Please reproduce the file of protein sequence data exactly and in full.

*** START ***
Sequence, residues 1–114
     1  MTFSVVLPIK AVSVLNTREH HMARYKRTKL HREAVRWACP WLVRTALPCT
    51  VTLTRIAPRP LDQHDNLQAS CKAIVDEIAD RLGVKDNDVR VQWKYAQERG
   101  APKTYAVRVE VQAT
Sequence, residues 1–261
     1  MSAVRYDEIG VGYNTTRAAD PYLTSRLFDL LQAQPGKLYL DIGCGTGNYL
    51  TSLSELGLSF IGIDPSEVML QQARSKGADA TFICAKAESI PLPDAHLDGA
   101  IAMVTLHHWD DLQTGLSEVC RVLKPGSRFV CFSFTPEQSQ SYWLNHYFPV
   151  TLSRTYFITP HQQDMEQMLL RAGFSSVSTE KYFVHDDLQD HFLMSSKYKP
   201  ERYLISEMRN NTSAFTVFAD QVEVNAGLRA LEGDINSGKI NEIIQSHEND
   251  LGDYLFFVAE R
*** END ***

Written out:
Sequence, residues 1–114
     1  MTFSVVLPIK AVSVLNTREH HMARYKRTKL HREAVRWACP WLVRTALPCT
    51  VTLTRIAPRP LDQHDNLQAS CKAIVDEIAD RLGVKDNDVR VQWKYAQERG
   101  APKTYAVRVE VQAT
Sequence, residues 1–261
     1  MSAVRYDEIG VGYNTTRAAD PYLTSRLFDL LQAQPGKLYL DIGCGTGNYL
    51  TSLSELGLSF IGIDPSEVML QQARSKGADA TFICAKAESI PLPDAHLDGA
   101  IAMVTLHHWD DLQTGLSEVC RVLKPGSRFV CFSFTPEQSQ SYWLNHYFPV
   151  TLSRTYFITP HQQDMEQMLL RAGFSSVSTE KYFVHDDLQD HFLMSSKYKP
   201  ERYLISEMRN NTSAFTVFAD QVEVNAGLRA LEGDINSGKI NEIIQSHEND
   251  LGDYLFFVAE R